February 12, 2001
has something for everyone
By Eric Rangus email@example.com
The Reconciliation Symposium turned out its lights two weeks ago, but Emorys Year of Reconciliation remains in full swing. In fact, the next few months may provide some of the most interesting programming of the entire year.
Through May, workshops will be scattered across the University, further
expanding some of the issues raised during the Jan. 2528 symposium.
Other workshops explore fresh subjects, further widening Emorys
Because there is no grand narrative for reconciliation, there is
no single kind of workshop, said Bobbi Patterson, visiting assistant
professor of religion and chair of the workshop committee. The range
and what [people] can learn is phenomenal.
More than a dozen workshops are planned through May, the first one (Examining
the Cognitive Foundations of the Conflicts Between Religion and Science)
having taken place on Jan. 30, just two days after the close of the symposium.
The next workshop is one that should prove to be one of the more popular
offerings. Reconciling Our Pasts: Gender, Sexuality and Oral History
will have two 25-participant sessions, one this afternoon from 46:30
p.m. and a repeat engagement Feb. 13 at the same time. Both are in Cox
It will serve as a follow-up to the Reconciliation, Sexuality and
Gender: Poetics, Politics and Pragmatics panel discussion of Jan.
26. Each of the symposiums panel discussions has a corresponding
workshop that will look at the original material from a different angle.
The large majority of the upcoming workshops have participant limits
(usually 25, but some are as small as 15). Patterson said all workshops
still have space available, and overflow attendees can be accommodated.
Signup information, as well as a full list and description of reconciliation
workshops, is available at http://www.emory.edu/PROVOST/ReconciliationSymposium/events.html.
Because of their small size, the workshops will have a different feel
than the panel discussions that dominated the symposium. They will be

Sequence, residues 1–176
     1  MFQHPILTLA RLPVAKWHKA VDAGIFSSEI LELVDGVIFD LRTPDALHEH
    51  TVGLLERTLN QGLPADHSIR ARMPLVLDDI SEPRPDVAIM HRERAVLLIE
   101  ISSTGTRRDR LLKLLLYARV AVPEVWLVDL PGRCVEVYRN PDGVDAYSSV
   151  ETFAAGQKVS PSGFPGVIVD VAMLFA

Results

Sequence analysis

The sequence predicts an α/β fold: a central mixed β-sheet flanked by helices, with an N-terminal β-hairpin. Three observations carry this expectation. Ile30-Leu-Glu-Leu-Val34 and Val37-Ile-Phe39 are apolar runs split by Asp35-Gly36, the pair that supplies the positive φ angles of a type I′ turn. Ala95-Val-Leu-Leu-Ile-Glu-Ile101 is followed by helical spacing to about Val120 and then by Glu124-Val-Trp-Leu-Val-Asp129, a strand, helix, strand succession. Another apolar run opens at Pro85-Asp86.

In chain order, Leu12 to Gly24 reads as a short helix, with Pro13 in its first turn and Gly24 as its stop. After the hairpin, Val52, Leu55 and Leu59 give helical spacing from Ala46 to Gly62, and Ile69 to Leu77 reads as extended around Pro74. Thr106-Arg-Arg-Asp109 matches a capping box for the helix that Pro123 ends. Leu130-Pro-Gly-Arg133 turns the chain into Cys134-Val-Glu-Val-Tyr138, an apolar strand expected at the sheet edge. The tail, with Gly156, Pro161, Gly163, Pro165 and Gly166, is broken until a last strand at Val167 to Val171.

more interactive and, in some cases, fully active.
For instance, Saralyn Chesnut, director of the Office of LGBT Life, will
host a walking tour of Little Five Points on March 8. Participants will
visit several historical landmarks in the eclectic community, which was
home to a thriving lesbian-feminist community in the 1970s and 80s.
The response has been overwhelming, Chesnut said. We
are full and overflowing.
Nurturing a Green University, March 2223, should prove
to be another heavily interactive offering as faculty, staff, students
and administrators will tackle a variety of environmental issues.
The Student Committee for the Year of Reconciliation debuted its programming
Feb. 8 with a discussion on affirmative action. Each Thursday through
March 8, the student committee will hold discussions aimed at student
The Feb. 15 topic will focus on LGBT issues. Successive events will turn
an eye toward global concerns, such as the conflict between India and
Pakistan (Feb. 22) and Arab/Israeli issues (March 8).
Workshops are not limited to the main Emory campus, either. Grady Hospital
will host Nicole Lurie, principal deputy assistant secretary for Health,
Depart-]ment of Health and Human Services, March 20, who will discuss
Reconciling Disparities in Health Care.
Another interesting offering is Emory and Atlanta: Challenges and Opportunities for Creating University-Community Partnerships. It will serve as an introduction to Emorys Office of University-Community Partnerships and will discuss ways to reach out to the Atlanta community.